A complete spectrum of care for rare and complex neurological conditions like moyamoya disease is available at Tampa General Hospital’s Neuroscience Institute. Our neurology hospital is among the most active in the region and features one of the largest neuroscience intensive care units in the country. Thanks in part to our world-class expertise and commitment to innovation, TGH is recognized as a “high performing” hospital for Neurology and Neurosurgery by U.S. News & World Report for 2023-24.
Causes of Moyamoya Disease
Moyamoya disease is a chronic and progressive cerebrovascular disorder that’s caused by blocked arteries in the basal ganglia—a group of complex structures located at the base of the brain. The incidence of moyamoya disease is highest in Asian countries. Children between the ages of 10 and 14 and adults in their 40s are most often diagnosed with this condition.
The precise cause of moyamoya disease is unknown, although genetics are thought to play a role in select cases.
Symptoms of Moyamoya Disease
The most common signs of moyamoya disease among children are strokes and recurrent transient ischemic attacks (TIA), sometimes referred to as “mini strokes.” Adults with moyamoya disease can also experience these problems, typically along with brain bleeding (hemorrhagic stroke) related to abnormal blood vessels.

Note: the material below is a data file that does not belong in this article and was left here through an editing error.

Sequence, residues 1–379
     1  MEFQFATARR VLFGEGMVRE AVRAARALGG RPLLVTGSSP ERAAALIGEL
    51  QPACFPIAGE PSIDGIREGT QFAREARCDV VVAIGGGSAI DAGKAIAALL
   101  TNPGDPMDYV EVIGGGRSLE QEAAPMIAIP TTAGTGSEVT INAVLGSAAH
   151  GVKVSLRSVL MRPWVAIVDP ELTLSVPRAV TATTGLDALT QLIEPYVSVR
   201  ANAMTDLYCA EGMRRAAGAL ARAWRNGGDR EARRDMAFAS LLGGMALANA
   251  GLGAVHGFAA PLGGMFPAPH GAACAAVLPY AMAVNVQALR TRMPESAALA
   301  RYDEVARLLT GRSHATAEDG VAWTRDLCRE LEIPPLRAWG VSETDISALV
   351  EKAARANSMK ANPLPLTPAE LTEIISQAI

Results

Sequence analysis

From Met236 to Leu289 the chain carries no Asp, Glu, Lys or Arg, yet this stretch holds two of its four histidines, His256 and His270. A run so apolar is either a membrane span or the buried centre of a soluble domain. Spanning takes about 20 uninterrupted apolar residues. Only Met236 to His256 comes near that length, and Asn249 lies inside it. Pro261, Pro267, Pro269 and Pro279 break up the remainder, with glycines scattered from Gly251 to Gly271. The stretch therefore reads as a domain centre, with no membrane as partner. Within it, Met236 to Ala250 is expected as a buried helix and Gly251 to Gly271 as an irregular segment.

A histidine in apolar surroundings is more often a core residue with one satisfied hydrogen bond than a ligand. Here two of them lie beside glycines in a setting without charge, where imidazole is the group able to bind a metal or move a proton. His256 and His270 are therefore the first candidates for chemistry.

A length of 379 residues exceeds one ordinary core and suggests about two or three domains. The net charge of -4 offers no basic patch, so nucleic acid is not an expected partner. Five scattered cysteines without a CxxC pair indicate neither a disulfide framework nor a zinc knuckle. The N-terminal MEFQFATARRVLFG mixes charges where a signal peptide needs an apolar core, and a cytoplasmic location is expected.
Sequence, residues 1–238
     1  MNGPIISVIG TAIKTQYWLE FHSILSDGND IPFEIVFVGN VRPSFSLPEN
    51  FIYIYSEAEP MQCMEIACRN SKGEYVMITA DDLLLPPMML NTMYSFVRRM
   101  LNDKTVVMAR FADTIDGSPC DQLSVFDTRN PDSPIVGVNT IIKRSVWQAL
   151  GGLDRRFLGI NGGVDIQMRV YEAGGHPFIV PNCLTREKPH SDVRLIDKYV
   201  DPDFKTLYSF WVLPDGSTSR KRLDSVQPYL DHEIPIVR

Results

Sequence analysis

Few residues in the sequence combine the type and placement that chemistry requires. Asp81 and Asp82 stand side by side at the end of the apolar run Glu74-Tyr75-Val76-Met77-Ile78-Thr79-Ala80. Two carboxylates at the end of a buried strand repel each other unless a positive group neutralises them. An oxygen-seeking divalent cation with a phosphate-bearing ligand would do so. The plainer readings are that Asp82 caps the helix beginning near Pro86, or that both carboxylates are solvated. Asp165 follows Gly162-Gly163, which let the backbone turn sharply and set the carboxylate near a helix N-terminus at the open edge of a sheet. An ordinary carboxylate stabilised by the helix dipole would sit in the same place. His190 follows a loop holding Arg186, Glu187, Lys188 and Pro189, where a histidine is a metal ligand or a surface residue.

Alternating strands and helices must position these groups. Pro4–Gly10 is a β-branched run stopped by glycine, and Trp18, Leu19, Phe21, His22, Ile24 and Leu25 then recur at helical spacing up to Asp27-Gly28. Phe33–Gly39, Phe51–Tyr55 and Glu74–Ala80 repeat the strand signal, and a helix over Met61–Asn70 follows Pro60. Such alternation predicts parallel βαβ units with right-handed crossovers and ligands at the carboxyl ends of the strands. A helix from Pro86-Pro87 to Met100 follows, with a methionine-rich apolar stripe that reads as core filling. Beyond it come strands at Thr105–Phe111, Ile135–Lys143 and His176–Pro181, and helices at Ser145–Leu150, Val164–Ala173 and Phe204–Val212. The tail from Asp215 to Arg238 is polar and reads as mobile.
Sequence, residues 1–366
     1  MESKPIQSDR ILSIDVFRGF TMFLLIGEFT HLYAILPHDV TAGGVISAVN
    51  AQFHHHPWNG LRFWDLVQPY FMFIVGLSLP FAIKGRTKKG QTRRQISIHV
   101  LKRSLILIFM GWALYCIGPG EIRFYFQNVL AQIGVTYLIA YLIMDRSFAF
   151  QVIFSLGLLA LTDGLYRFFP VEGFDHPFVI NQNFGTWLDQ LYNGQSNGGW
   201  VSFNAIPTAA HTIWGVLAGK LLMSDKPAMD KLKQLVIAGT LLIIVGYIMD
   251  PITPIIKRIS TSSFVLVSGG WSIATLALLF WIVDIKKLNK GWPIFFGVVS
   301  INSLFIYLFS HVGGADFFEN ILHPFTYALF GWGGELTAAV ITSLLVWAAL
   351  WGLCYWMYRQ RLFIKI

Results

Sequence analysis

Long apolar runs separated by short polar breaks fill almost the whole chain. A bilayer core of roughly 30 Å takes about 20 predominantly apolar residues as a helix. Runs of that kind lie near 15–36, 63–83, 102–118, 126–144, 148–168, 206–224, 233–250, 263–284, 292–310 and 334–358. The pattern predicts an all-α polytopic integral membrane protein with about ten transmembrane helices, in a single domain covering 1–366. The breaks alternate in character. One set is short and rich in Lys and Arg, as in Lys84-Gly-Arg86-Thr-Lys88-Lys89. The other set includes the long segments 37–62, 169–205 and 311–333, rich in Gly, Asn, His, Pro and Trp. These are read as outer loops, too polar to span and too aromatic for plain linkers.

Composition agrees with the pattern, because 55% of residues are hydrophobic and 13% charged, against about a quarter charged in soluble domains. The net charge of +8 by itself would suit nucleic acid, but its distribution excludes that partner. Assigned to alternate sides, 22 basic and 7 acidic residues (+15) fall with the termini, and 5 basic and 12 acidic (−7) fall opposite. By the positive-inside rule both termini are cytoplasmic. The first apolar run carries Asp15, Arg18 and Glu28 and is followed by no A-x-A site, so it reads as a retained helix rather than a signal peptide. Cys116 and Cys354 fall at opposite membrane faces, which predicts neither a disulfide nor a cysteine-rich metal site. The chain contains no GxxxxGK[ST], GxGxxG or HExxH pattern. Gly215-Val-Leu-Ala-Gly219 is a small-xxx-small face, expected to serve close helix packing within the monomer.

Moyamoya disease symptoms associated with reduced blood flow to the brain include:
- Difficulty understanding others, speaking or thinking clearly
- Vision problems
- Involuntary movements
- Numbness, weakness or paralysis, often on one side of the body
Often, these symptoms occur after performing physical activity, coughing, crying or other strenuous movements.
Moyamoya Disease Diagnosis
Diagnosing moyamoya disease usually involves performing an electroencephalogram (EEG)—a test that measures the brain’s electrical activity through small, metal discs that are strategically placed on the scalp. This test can expose an electrical pattern indicative of moyamoya disease when the patient breathes in deeply.
Moyamoya Disease Treatment
Promptly treating moyamoya disease is critical, as brain bleeding and frequent strokes can lead to rapid cognitive decline and death. Treatment most often involves neurosurgery to open blocked or narrowed blood vessels and improve blood flow to the brain. Medication can also be prescribed to help lower the risk of stroke.
Become a TGH Patient
To schedule an appointment at Tampa General Hospital’s Neuroscience Institute and learn more about our approach to moyamoya disease, call (800) 822-3627 or use our Find a Doctor database to find a neurologist. Our team is here to answer your questions and ensure you receive the world-class care you deserve.